Devils bred in captivity or brought to captivity before 2 yr of age are generally not amenable to handling, so general anesthesia is required for examination. These animals can be trapped in their enclosure and transferred to a hessian sack or picked up by the tail base and transferred to the sack. Anesthesia can be induced by using a mask on the devil through the sack. Isofluorane has been used successfully. Ideally, the devil’s muzzle is positioned in a corner of the sack to facilitate mask placement. The sack should be secured around the devil to prevent excessive movement and escape from the mask. Devils are induced in 2–3 min and then removed from the sack. A pulse oximeter can be attached to the ear to monitor heart rate and peripheral oxygen saturation. For quick procedures such as physical examination and blood collection, a mask is sufficient to maintain anesthesia. For longer procedures, an endotracheal tube (5–5.5 Fr) is indicated. The devil’s larynx is narrow, and a laryngoscope is essential. Local anesthetic must be applied to prevent laryngospasm before intubation. As the devil starts to recover from anesthesia, it is placed back in the sack and observed until it is fully awake and ready to be returned to its enclosure.
Tasmanian devils are prone to developing proliferative lesions, the most common being devil facial tumor disease (DFTD). Cell proliferations (benign and malignant) affecting skin and adnexa, and endocrine and lymphoreticular tissues (eg, squamous cell carcinomas, lymphosarcomas, adenocarcinomas) are commonly seen at necropsy in adult and senile captive devils. In older captive devils (≥5 yr old), mammary and anal gland tumors are the most common.
Devil facial tumor disease (DFTD) is a malignant infectious tumor first observed in 1996. As a result of >70% of the population having succumbed to DFTD, devils have been listed as an endangered species. The prevalent characteristic of DFTD, as the name suggests, is the presence of tumor(s) on the facial area. Tumors are also found inside the mouth (gingival mucosa, hard palate, lips) and on the head and neck. Rarely, DFTD tumors may be found on the rump or other areas of the body, but these are thought to be metastatic tumors rather than primary. More than one tumor is often seen, and tumors on the same devil often vary considerably in size and appearance. The tumors often ulcerate and display epithelium break up, necrosis, exudation, and bacterial contamination. Most devils affected with DFTD show signs of metastases (65% of cases in a study of 91 affected devils), principally to the regional lymph nodes but also to the lungs and spleen.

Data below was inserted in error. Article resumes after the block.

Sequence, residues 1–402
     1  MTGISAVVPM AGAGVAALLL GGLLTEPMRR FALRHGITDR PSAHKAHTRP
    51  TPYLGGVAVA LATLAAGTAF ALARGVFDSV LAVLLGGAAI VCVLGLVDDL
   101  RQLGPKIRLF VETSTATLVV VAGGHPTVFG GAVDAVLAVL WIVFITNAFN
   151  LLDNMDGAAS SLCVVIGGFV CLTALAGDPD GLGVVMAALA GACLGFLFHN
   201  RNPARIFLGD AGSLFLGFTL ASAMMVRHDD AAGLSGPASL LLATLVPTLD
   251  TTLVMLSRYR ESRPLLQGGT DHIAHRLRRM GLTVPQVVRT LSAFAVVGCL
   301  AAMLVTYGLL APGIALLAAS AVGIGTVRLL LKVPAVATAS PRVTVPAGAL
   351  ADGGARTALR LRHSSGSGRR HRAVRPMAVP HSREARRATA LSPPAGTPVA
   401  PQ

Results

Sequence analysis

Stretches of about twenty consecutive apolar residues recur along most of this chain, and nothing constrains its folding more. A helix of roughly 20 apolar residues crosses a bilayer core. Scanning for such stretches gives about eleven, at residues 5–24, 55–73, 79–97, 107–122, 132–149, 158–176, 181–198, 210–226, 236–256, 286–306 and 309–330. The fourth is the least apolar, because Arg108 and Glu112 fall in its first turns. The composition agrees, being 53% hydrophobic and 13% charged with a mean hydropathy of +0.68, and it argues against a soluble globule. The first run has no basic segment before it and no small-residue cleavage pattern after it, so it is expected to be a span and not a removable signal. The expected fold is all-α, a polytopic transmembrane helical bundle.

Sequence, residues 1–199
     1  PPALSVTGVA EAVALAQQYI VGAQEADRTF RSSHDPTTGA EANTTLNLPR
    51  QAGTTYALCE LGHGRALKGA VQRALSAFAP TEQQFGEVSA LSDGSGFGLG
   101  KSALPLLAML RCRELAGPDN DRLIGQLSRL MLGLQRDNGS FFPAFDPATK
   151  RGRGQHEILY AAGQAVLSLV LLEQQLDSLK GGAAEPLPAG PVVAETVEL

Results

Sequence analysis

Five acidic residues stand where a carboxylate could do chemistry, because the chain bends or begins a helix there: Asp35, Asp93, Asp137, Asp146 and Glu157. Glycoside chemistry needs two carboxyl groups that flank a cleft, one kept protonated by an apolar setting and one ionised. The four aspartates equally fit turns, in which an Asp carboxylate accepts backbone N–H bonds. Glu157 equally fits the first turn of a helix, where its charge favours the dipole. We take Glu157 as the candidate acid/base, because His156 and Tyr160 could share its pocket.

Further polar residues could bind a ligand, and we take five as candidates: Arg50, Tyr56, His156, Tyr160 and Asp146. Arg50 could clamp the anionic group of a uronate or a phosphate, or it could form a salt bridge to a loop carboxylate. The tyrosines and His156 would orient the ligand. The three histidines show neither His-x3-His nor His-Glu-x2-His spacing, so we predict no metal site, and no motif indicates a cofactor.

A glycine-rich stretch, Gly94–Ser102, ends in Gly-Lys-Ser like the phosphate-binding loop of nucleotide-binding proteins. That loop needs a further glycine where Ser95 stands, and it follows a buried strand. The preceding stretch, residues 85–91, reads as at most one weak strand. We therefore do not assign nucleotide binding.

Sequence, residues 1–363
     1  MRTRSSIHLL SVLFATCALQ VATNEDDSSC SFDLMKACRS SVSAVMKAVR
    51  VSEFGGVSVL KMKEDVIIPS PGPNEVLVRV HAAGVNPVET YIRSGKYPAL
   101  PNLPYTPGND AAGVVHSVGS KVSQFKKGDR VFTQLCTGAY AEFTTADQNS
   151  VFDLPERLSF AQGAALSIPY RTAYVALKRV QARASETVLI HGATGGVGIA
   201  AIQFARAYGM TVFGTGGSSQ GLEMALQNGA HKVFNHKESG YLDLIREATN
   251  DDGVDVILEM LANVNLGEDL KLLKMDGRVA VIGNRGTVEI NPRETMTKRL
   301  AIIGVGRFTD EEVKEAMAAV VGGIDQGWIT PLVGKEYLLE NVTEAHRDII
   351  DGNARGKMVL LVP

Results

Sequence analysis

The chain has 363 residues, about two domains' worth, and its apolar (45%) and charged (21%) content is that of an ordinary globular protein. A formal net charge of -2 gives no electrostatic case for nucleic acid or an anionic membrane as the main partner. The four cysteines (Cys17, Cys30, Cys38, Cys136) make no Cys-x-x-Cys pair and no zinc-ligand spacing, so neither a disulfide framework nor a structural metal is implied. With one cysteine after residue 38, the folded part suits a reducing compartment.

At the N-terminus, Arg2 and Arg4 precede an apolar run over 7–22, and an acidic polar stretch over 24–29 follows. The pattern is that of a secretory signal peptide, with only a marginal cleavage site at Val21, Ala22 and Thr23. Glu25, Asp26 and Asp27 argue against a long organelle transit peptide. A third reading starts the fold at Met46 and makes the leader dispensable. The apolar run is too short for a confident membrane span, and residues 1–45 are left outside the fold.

The most remarkable characteristic of DFTD is its transmissible nature, a concept supported by several independent lines of research. The tumor is of Schwann cell origin and is transmitted by biting. Devils with tumors in the oral cavity have free tumor cells “coating” the canine teeth. The tumor cells are transplanted when a bite wound penetrates the subcutaneous tissue or mucosa of the next devil. The most common bite site in devils is the head, which, therefore, is where almost all DFTD tumors are present. The incubation period is unknown but is estimated to be 3–15 mo. Most devils die within 6 mo of a tumor becoming grossly visible. Death results from starvation, depending on the size and location of the tumor, or from metastatic disease. No evidence of this disease in other species has been found.